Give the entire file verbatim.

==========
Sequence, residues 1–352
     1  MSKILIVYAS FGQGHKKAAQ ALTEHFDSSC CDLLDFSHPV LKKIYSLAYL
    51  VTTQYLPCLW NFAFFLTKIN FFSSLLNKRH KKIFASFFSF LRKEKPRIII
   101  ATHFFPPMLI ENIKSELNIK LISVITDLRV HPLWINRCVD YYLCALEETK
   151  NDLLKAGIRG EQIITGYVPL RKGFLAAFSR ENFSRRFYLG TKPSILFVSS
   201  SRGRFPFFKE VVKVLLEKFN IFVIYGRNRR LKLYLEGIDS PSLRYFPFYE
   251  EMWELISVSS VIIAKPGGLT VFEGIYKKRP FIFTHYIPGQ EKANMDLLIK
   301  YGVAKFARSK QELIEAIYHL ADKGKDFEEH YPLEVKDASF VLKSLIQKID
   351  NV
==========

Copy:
Sequence, residues 1–352
     1  MSKILIVYAS FGQGHKKAAQ ALTEHFDSSC CDLLDFSHPV LKKIYSLAYL
    51  VTTQYLPCLW NFAFFLTKIN FFSSLLNKRH KKIFASFFSF LRKEKPRIII
   101  ATHFFPPMLI ENIKSELNIK LISVITDLRV HPLWINRCVD YYLCALEETK
   151  NDLLKAGIRG EQIITGYVPL RKGFLAAFSR ENFSRRFYLG TKPSILFVSS
   201  SRGRFPFFKE VVKVLLEKFN IFVIYGRNRR LKLYLEGIDS PSLRYFPFYE
   251  EMWELISVSS VIIAKPGGLT VFEGIYKKRP FIFTHYIPGQ EKANMDLLIK
   301  YGVAKFARSK QELIEAIYHL ADKGKDFEEH YPLEVKDASF VLKSLIQKID
   351  NV